Research topicNEW SOCIAL PRACTICES

Innovations are often narrowly conceptualised in terms of technological advancements or market entries. The more recent notion of 'social innovations', in contrast, denotes innovations of a socio-political nature that have a normative agenda, setting them apart from the economic sphere. IRS researchers studying novel social practices deliberately attempt to overcome compartmentalised (i.e. technological, economic, social) conceptualisations of innovations, which are widespread today. The scholars themselves do not ascribe a normative quality to social innovations. They do, however,  recognise that the 'value' of an innovation is negotiated as an innovation develops. IRS researchers regard innovations as socially and culturally embedded processes characterised by a (re)combination of both new and old technologies, business models and socio-cultural practices. IRS studies on social innovations focus on various aspects: the role of spatial pioneers regarding modifications to rural and urban spaces, the appropriation and informal use of urban space beyond existing plans, the emergence of new political and planning practices, and the genesis of novel forms of citizens participation in processes of research and development.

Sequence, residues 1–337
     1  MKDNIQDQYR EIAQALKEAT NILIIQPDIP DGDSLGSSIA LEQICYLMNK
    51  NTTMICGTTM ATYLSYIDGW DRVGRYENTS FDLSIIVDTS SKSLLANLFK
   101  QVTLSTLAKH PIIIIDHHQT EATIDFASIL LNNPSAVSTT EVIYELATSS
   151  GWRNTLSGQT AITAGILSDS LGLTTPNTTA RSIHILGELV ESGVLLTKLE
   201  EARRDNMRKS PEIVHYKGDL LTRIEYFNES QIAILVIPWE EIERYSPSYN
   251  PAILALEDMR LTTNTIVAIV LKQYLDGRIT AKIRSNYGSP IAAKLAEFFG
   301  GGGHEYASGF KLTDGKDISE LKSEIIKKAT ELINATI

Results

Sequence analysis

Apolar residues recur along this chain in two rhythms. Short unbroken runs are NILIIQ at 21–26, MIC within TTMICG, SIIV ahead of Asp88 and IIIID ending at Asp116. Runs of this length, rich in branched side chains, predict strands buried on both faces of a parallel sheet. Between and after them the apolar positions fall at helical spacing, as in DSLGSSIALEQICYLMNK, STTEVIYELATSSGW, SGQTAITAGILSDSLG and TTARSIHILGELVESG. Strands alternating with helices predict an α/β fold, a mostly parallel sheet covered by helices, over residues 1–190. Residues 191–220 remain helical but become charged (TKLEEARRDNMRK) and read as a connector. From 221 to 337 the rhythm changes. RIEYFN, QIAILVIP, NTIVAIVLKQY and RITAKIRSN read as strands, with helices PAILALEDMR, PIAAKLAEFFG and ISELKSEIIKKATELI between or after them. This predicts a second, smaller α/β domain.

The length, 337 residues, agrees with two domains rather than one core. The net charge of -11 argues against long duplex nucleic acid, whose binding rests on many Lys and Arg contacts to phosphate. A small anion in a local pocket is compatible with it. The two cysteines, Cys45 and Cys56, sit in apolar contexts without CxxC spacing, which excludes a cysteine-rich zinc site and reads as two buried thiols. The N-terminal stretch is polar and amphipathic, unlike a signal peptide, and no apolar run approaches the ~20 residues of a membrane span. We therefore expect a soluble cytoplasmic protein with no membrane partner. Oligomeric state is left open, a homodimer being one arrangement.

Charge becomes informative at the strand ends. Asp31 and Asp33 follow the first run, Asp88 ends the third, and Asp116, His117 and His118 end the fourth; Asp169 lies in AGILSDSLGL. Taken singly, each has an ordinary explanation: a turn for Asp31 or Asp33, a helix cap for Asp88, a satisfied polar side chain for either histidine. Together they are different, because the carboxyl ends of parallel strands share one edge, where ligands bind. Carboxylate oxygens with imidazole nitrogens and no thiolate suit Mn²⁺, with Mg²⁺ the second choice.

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News
16. July | 2019

Recently, the federal commission on “Equal Living Conditions” reported considerable regional inequalities in Germany. Rural regions, in particular, suffer from poor education and employment opportunities, lower incomes and shortages in the provision of public and private services. These observations, however, are not specific for Germany. Many rural regions across Europe face challenges such as a lack of medical practices, village shops, schools and public service provision. In this situation, expectations rest on a relatively new type of organization: social enterprises. A new book explores the role of social enterprises in rural spaces. more info

News
29. March | 2019

Coworking spaces, maker spaces and other kinds of ‘labs’ are typically seen as an urban phenomenon. Indeed, most of them are located in larger cities. However, they also exist in the countryside, and as an element in a comprehensive strategy, they could potentially help stabilizing rural areas suffering from demographic and economic decline. During an IRS seminar on March 19th 2019, Ignasi Capdevila from PSB Paris School of Business presented the case of a rural coworking initiative from the Spanish region of Catalonia. more info